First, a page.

Common Diseases in Cats Mouths Could Indicate Worse Problems

Study finds that cats with oral diseases are more likely to have feline leukemia or FIV.

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Cats with common forms of dental disease have a higher rate of testing positive for more serious diseases, according to a recent study conducted by veterinary clinics and underwritten by Idexx Laboratories.

Initial findings in a study of 1,167 cats indicated that 13.4 percent of cats that had some type of oral disease also tested positive for feline immunodeficiency virus, feline leukemia virus or both diseases. This shows that cats with oral diseases are four times more likely to have FIV and FeLV.

Sometimes referred to as the feline versions of HIV and AIDS, both diseases affect millions of cats by limiting their immune systems, but can be treated.

This study encourages testing cats that have gingivitis, stomatitis and other oral diseases for FIV and FeLV infection, said veterinarian Jan Bellows. FIV- and FeLV-infected cats often present very vague, subtle signs of illness, but once a cat has been identified with one of these diseases, the veterinarian and the pet owner can work together to ensure proper care for the cat.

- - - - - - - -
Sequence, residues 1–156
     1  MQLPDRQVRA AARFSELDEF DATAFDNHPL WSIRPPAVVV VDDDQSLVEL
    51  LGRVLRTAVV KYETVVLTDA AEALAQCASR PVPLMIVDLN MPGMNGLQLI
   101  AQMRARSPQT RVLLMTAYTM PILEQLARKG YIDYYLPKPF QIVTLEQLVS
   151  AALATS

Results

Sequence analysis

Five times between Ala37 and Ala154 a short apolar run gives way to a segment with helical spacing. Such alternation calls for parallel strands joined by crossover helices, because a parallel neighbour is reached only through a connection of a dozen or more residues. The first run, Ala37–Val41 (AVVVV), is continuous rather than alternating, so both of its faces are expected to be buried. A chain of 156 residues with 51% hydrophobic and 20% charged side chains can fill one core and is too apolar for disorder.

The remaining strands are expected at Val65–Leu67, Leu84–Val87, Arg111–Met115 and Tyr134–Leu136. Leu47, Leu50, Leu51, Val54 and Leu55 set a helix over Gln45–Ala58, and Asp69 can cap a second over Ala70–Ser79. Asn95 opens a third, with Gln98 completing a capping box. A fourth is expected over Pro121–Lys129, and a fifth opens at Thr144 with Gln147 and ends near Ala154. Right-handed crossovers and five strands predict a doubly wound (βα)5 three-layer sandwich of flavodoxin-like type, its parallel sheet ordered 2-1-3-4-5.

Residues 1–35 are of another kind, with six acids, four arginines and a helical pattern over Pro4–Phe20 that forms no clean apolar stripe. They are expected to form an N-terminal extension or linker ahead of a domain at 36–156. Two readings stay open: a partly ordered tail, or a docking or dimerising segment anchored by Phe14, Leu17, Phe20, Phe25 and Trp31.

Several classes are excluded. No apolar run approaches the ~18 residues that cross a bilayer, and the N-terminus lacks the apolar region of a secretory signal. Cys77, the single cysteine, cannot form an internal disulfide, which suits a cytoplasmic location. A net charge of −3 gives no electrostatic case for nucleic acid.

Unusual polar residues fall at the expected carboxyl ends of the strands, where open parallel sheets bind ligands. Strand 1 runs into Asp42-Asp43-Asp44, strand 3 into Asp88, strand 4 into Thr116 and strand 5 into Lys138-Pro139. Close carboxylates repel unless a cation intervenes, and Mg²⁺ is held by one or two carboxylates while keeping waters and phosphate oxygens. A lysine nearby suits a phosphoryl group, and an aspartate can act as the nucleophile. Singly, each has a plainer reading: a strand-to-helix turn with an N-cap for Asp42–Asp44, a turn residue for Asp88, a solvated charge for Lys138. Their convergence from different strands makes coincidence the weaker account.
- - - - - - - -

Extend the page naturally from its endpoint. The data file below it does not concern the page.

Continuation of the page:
The potential correlation in cats between oral disease and immune systems that are suppressed by FIV or FeLV gives veterinarians valuable new information in their efforts to fight these contagious viruses, he said.

Posted: Feb. 14, 2006, 3 p.m. EST

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Veronica    Indio, CA

11/27/2006 12:13:39 PM

Where is the information on this disease?
I want to know more about this affliction.

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